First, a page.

THE LONG DARK REVIEW 

A geomagnetic anomaly has plunged the world into darkness and rendered all technology useless, including the plane you were flying over the vast, frozen wilds of Canada. You awake surrounded by flames and wreckage—badly injured and freezing to death—and find yourself in a battle to survive in one of the most inhospitable corners of the planet. It’s a hell of a place to spend the apocalypse, and death lingers around every corner of this deadly, wintry expanse.

There are two distinct ways to play The Long Dark. There’s Wintermute, an episodic story mode that follows bush pilot Will Mackenzie as he searches for his missing friend. This is a linear experience with stylish, melancholy cutscenes exploring his past and the state of the world. Then there’s Sandbox, which lets you tell your own stories and explore at your leisure. The only objective here is surviving for as long as possible, and how you do that is left to you.

Wintermute is a good place to start. It begins with a series of tutorials designed to drip-feed the game’s systems to you. You’ll learn about treating wounds, foraging for medicinal plants, building fires, and other essential survival skills. And you’re subtly guided from one moment to the next, which means you’ll rarely get lost. Sometimes you’ll meet survivors who need your help, forcing you to complete a series of thinly-veiled fetch quests, which grind the story to a halt and feel a little too much like busywork at times.

THE LONG DARK

THE LONG DARK

Some of my most vivid memories of The Long Dark weren’t created by the developers, but emerged naturally

But it’s in Sandbox mode where The Long Dark’s survival knife is sharpest. Having the freedom to explore and travel between its large, interconnected regions is more compelling than following a prescribed path. Choosing how you spend each day is more engaging than ticking off objectives. This freedom, and dynamic, unpredictable elements such as the weather, make every Sandbox game fertile ground for emergent storytelling.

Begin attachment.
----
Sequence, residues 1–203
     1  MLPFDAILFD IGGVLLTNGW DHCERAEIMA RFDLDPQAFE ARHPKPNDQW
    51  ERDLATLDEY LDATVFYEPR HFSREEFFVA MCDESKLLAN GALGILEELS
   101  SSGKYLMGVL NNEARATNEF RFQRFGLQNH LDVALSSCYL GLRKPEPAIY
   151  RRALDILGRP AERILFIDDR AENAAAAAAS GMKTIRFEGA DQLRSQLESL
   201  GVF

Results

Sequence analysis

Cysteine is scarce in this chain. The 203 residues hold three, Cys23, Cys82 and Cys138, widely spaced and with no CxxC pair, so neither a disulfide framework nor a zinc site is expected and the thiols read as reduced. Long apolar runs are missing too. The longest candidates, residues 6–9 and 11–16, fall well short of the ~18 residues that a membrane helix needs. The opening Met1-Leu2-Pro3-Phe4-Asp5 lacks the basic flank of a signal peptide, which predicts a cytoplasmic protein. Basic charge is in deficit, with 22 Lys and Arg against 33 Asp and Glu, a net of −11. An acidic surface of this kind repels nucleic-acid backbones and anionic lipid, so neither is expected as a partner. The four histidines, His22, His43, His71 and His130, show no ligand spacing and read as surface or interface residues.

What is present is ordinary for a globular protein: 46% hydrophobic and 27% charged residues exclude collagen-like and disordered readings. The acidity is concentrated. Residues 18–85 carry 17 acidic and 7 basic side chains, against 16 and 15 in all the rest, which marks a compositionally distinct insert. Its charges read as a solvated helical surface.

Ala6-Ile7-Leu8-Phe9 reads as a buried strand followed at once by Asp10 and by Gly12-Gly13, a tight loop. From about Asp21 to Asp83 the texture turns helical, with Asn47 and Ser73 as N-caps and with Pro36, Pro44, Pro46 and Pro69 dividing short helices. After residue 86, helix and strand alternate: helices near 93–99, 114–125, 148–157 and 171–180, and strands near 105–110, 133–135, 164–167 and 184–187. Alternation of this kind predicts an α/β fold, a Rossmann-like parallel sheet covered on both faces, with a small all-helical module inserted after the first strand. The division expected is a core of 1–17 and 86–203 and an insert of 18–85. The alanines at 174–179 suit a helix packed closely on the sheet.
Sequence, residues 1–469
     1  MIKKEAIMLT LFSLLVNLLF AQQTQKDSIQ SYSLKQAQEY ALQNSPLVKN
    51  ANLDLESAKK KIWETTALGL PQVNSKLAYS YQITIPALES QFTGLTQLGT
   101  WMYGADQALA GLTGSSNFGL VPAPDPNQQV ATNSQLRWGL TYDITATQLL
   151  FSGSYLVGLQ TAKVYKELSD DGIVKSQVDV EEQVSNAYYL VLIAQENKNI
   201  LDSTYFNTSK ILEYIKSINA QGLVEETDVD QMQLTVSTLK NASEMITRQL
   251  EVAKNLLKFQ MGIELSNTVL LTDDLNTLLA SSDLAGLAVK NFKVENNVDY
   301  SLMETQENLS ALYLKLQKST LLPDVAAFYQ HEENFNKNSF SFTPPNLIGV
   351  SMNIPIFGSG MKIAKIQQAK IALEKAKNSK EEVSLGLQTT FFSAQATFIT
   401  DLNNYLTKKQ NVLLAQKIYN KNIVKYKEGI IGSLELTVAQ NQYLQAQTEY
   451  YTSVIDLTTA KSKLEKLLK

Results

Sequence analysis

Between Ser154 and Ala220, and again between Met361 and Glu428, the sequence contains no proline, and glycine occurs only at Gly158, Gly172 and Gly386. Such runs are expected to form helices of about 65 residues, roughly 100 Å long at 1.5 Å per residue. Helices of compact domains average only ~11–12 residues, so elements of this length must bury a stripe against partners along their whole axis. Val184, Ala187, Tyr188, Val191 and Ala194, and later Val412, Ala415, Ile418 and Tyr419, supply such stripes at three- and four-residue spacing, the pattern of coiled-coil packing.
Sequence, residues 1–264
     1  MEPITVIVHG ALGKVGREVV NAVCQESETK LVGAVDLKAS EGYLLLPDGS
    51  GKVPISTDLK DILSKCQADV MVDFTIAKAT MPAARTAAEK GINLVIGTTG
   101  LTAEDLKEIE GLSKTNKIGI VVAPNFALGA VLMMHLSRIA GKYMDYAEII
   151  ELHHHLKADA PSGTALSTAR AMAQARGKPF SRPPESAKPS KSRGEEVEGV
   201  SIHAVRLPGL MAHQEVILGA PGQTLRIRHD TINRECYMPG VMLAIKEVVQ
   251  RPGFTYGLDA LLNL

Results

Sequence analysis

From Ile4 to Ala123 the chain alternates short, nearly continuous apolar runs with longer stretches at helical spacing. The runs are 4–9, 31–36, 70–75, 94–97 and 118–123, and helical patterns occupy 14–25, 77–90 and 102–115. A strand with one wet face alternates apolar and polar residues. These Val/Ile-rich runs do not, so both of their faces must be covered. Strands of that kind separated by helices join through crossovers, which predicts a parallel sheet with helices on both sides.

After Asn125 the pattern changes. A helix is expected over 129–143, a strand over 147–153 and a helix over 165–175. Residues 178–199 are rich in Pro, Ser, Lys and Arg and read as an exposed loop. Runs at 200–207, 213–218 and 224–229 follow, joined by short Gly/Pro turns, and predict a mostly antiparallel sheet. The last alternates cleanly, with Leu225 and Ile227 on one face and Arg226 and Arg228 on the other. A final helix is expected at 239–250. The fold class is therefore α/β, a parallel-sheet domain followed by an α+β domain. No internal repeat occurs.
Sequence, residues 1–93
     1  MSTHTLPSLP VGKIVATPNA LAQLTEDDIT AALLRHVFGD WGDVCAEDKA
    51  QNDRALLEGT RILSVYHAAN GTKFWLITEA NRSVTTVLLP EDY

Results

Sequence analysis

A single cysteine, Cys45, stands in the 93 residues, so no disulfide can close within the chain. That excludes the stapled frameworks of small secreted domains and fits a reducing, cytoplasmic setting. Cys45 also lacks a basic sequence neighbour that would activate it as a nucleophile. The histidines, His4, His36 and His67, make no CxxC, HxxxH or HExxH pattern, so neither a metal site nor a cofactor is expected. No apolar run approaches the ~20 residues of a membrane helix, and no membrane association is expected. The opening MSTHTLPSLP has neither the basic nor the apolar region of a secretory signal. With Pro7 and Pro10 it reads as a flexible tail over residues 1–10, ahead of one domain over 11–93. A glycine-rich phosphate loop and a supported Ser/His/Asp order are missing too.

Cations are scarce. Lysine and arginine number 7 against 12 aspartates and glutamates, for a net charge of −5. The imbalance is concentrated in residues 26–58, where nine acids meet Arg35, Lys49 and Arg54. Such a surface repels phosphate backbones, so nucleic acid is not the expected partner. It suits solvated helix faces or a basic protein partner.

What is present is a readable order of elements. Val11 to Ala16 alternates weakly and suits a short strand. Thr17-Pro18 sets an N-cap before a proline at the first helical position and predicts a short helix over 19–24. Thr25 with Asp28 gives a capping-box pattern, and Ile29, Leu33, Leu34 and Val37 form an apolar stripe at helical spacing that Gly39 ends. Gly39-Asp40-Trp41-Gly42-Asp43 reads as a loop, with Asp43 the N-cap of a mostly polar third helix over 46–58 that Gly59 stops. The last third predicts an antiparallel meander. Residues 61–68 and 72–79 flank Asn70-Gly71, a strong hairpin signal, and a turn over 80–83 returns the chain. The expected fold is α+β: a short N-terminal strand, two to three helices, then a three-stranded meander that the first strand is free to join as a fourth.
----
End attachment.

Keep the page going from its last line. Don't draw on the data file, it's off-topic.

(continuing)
Some of my most vivid memories of The Long Dark weren’t created by the developers, but emerged naturally. I remember the unbearable tension of being on the edge of starvation, one bullet in my rifle, and a skittish deer in my sights. Cowering in a cave at night, campfire about to burn out, listening to wolves howling outside. Limping half-dead and hypothermic through a blizzard, only to see the silhouette of a life-saving shelter through the wall of snow.

Wildlife is a frequent nuisance. Wolves will catch your scent and stalk you, and if they attack you’ll almost certainly be left with serious wounds. Honestly, they’re miserable to deal with, spoiling the pensive mood of the game. Surviving the elements is far more interesting to me, and I’m glad there’s a difficulty mode in Sandbox that disables animal attacks. But in story mode you have no choice but to deal with them, and they’re a real thorn in your side.

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The weather is constantly in turmoil, which can change the mood of the game—and your fortunes—in an instant. One minute it’s a crisp, clear day with piercing blue skies. The next a stormfront is rolling in, wind blowing the falling snow so hard it moves horizontally. Watercolour skies shift from a blanket of looming grey to the dusky pink of early evening, painting the snowfields around you in vivid colours. It’s an incredibly atmospheric game, with a hand-painted art style that lends it a peculiar, ethereal beauty, despite how gruelling it is.

Like a lot of survival games, everything in The Long Dark boils down to managing a series of perpetually dwindling meters. Hunger, thirst, tiredness etc. But thanks to the elegant design of the simulation, and a slick, minimal UI, it’s not a game where you feel like you spend half your time buried in menus. The abundance of progress bars is slightly disappointing, however. Many actions, such as breaking a branch down for firewood or cooking food, happen off-screen, illustrated by a slowly filling circle. I would have liked to see my character interacting with the world a little more directly.

There are only a handful of really great survival games on PC, and this is one of them. The story mode has its moments, and does a decent job of telling you how the game works, but it’s when you’re creating your own stories in the sandbox that The Long Dark is at its most absorbing. Beautiful art direction and rich, nuanced sound design bring the deep forests, frozen lakes, and ragged mountains of the Canadian wilderness to life. And your endless struggle to keep the Grim Reaper at arm’s length is enormously rewarding, providing you have the patience to appreciate its slow, measured pace.

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